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The idea of Harry reaching for a new legitimacy — whether successfully or not — is one I’m really interested in exploring at the moment. I’ve seen a handful of conversations online that basically amount to “he’s got a guitar now, he’s trying to be something more real than One Direction let him be.” I find that conversation so dull and meaningless. It aligns with a rockist mentality that men writing their own music and playing their own instruments is somehow more fulfilling or valid than a catchy pop hook or beat you can dance to. The most wonderful thing about this record, I think, is that it’s not only in keeping with Harry’s “old stuff,“ but that it is very likely the space he’ll continue to work in for a long time. I can’t imagine him noticing Top 40 trends and peppering them into his work on the next record, or clutching for some new and different sound to appeal to a more quote, unquote legitimate audience. Harry has always defied trends, whether through his personal style — wearing floral suits where his bandmates wore classic black or jeans and t-shirts — or, now, by backing the passion and dedication of the teen-girl fan base where, historically, newly solo ex–boy banders were rabid about distancing themselves from that audience in favor of new, older listeners. Even for all the trendy nostalgia in this record, he also shrugged off his producer’s suggestion to use outdated technology to make it; on the Rolling Stone podcast, Cameron Crowe said Harry was adamant about using the most up-to-date tools today, just as his heroes did in the ’60s and ’70s, rather that backpedaling into analog for analog’s sake. The idea that he’s somehow more “real” now that he’s nervously plucking a guitar (one he’s traveled with for, like, five years) is misguided.

anonymous asked:

While there have been glaring factual errors in almost every piece written in the last week, there was one from the earlier Vulture article I wanted to point out. The writer states that Harry as the RS cover story was an honor considered "too sophomoric" for 1D. The truth is, there was a cover and story about 1D before Harry turned 18.

In the Rolling Stone podcast with Cameron Crowe, another writer mentioned that he had a cover story pulled about 1D in 2012 because of violating advertising rules when cover story subjects are under 18. Basically, Rolling Stone had prepared the 5 boys to be on the cover, and I’m unclear on the specific law that was in question, but because of a product (maybe cigarettes, maybe alcohol) with high advertising $$, the story was pulled. In early 2012, Harry was the only one still under 18. (2/3.)

Ironic, that along with his recognized talent and ability to sell magazines, that’s part of the reason he is the only one from 1D to now be on the cover RS. (3/3)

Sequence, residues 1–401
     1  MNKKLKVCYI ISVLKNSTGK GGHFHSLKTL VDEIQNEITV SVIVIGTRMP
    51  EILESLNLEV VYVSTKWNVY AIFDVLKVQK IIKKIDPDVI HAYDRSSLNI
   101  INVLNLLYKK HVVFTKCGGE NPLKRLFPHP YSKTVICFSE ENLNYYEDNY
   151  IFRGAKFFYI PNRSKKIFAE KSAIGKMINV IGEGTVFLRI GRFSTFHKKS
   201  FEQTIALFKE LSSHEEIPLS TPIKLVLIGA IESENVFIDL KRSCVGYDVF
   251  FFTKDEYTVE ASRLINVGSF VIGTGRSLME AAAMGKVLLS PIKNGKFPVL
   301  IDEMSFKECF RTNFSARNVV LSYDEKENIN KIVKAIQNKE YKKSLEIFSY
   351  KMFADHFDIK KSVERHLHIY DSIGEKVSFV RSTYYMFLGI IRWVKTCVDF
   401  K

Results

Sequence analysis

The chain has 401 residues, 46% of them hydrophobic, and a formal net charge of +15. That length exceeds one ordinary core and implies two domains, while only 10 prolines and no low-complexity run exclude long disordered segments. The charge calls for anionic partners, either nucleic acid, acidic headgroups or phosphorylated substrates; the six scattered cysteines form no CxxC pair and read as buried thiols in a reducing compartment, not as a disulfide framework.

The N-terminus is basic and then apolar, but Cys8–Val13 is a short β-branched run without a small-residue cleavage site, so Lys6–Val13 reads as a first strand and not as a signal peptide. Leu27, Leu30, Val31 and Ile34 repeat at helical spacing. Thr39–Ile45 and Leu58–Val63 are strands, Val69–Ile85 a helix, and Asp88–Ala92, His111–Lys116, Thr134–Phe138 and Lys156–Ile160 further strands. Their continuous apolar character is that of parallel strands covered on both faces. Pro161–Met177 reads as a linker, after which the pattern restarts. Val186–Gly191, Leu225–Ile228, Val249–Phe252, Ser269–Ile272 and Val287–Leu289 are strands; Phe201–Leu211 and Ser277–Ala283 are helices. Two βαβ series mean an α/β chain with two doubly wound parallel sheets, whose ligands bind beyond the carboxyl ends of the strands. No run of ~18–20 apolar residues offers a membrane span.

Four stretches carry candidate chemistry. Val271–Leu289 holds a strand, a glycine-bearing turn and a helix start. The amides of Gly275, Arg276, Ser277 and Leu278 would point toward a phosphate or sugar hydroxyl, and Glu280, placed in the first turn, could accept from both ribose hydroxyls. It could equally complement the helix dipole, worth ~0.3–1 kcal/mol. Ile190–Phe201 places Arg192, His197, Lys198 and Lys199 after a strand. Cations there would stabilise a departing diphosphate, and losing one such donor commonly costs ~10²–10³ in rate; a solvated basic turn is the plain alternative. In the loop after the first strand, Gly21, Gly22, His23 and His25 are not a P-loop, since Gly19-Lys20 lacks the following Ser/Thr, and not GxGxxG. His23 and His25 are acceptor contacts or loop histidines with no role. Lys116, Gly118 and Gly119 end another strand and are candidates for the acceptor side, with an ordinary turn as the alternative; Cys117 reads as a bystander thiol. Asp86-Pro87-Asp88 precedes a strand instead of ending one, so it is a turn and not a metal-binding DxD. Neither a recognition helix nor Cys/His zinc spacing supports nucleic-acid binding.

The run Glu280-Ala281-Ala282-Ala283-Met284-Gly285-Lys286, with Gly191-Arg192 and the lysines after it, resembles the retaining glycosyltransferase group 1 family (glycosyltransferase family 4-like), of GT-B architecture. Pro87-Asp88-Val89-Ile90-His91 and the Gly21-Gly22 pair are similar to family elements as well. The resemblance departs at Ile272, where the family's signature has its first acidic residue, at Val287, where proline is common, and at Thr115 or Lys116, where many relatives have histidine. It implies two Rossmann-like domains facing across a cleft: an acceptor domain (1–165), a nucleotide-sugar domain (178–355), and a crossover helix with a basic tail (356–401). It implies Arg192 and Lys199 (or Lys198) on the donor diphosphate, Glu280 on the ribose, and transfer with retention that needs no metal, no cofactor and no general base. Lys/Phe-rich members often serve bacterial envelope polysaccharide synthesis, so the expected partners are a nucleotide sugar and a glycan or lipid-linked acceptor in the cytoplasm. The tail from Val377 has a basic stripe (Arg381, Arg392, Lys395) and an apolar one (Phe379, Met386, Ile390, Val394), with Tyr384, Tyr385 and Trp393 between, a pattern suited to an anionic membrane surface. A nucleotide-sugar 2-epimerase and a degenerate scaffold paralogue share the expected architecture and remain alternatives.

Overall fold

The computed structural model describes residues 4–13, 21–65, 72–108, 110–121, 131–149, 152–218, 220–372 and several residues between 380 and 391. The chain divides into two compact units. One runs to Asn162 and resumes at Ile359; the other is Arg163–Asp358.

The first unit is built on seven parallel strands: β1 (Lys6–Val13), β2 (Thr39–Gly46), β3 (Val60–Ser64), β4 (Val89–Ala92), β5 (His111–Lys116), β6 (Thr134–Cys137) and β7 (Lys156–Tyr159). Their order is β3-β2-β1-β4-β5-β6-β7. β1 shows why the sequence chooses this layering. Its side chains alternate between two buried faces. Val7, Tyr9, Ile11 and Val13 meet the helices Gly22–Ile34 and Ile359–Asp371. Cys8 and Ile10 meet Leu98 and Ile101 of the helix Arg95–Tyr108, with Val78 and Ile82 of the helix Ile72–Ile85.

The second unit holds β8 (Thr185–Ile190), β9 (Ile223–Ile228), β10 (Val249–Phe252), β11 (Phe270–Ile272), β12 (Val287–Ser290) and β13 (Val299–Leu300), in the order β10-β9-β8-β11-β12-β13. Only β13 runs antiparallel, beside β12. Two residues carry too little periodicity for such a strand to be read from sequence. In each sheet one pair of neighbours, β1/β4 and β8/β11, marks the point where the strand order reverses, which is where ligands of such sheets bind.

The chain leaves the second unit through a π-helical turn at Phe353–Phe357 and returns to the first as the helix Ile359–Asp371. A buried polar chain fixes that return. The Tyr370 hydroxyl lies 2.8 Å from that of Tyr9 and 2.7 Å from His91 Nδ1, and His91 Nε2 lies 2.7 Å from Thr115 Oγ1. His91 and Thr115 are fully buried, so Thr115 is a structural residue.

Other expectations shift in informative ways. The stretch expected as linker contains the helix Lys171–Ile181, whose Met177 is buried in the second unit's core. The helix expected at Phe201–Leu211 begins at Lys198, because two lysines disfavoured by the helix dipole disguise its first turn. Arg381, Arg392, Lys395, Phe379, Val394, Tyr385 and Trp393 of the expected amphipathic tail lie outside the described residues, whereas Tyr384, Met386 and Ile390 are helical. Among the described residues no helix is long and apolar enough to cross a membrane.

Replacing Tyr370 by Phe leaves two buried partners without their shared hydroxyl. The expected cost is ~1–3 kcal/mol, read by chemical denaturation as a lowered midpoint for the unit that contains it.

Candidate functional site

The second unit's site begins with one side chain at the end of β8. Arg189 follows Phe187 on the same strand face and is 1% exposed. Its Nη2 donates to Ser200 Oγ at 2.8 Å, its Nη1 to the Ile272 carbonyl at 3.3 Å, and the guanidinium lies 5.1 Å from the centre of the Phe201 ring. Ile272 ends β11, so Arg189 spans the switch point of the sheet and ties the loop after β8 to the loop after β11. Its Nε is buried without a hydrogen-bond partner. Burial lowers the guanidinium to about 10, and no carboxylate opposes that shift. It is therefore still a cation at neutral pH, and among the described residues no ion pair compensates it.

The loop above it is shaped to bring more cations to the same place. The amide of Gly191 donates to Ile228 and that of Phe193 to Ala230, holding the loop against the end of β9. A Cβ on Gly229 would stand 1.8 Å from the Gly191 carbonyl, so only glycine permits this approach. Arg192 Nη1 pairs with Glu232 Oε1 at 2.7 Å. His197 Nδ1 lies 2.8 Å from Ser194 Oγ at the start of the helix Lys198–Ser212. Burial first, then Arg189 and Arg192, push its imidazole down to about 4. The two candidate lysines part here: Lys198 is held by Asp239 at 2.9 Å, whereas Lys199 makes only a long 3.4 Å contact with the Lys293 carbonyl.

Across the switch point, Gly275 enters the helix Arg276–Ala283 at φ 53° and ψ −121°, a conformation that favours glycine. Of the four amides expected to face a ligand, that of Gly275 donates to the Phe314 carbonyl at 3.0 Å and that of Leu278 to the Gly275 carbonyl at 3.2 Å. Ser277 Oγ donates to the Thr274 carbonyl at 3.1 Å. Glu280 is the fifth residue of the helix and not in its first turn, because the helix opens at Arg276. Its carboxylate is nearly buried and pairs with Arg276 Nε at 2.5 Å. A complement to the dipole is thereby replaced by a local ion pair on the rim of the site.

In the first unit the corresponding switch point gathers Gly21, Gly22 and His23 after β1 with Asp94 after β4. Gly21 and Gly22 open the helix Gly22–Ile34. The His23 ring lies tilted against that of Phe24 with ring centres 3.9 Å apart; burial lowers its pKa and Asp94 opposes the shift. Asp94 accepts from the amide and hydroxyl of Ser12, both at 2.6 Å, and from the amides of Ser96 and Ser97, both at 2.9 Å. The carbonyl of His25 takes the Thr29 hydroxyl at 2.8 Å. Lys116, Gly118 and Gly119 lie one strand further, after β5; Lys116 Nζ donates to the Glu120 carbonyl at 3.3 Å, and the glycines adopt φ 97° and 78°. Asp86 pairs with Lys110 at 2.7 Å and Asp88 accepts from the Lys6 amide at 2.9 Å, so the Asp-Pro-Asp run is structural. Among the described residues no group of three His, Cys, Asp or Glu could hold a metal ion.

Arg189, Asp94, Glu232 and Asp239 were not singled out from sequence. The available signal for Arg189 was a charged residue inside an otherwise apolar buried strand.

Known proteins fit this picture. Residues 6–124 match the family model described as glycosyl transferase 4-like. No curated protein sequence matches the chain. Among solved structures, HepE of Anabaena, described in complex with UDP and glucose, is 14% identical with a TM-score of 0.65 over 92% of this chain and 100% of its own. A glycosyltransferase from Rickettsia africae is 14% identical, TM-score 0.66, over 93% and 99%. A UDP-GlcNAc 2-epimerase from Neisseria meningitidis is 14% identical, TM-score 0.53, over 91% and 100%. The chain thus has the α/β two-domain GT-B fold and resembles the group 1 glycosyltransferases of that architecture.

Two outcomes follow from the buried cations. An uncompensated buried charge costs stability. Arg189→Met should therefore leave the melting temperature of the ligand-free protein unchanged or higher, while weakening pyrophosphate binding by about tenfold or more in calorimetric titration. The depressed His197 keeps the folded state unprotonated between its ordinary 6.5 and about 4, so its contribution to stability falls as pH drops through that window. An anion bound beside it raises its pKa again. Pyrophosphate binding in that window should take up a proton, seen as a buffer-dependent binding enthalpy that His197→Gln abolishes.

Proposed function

oh interesting!  I actually never got around to listening to that podcast (TOO MUCH STUFF HAPPENING AT THE SAME TIME).  Thanks for this info, anon! 

anonymous asked:

Where the phrase "I hope hopeless is just a state of mind. I hope hopeless change over time" is from?

I’m not sure. I’ve seen it quite a few times in the Halsey tag but I’ve never been able to find a source.

kenzi-malikov replied: yep it’s at about 19:38 minutes in her Rolling Stone Music Now podcast interview!

thank you!!

It’s all about melodies for him. He was like ‘Let’s do the most modern tech thing we can possibly do. Let’s go with the best system we have today, and just make it about melodies. Let’s not go retro in a slavish way. Let’s embrace the new tech while doing old-school love for melody.’
—  Cameron Crowe on Harry’s approach to the recording process (Rolling Stone Music Now Podcast)

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anonymous asked:

You can listen to the 46 minutes Cameron Crowe Rolling Stone Music Now podcast here if you don't have itunes: rollingstone,com/music/news/rolling-stone-music-now-podcast-cameron-crowe-on-harry-styles-w478700. It's also on spotify: open,spotify,com/show/0jCfnXfdYhwIM2I4x7SxZx

i’ve listened to it. is there something at the end that i missed? that’s what my previous anon was implying. 

anonymous asked:

I'm confused I'm sorry, what did Harry say about 1D now?

I need more context for this question, anon.

I’m still bitter that on Graham Norton he didn’t miss a single thing about being in “the band.”

Cameron Crowe is also blathering on on a Rolling Stone podcast.

Basically, he hasn’t said anything about “One Direction.” God forbid he dare mention that band.
Listen to 'Rolling Stone Music Now' Podcast: Tegan and Sara on Taylor Swift
Listen to our weekly 'Rolling Stone Music Now' podcast with Tegan and Sara discussing Bruce Springsteen, Taylor Swift; Tim Kaine on favorite bands.

The latest episode of Rolling Stone Music Now, our first-ever podcast, is now available. Listen and subscribe to the podcast on iTunes, Spotify or check it out below.

Live in the studio with Tegan and Sara, who discuss their turn to pop, their influence on Taylor Swift, their future musical plans and much more. Plus, in an exclusive interview, Hillary Clinton’s running mate, Senator Tim Kaine, shows off his considerable music-geek chops, chatting about the Replacements and other favorite bands.

Note: TS /1980′s music influence discussion is from 10:50-13:30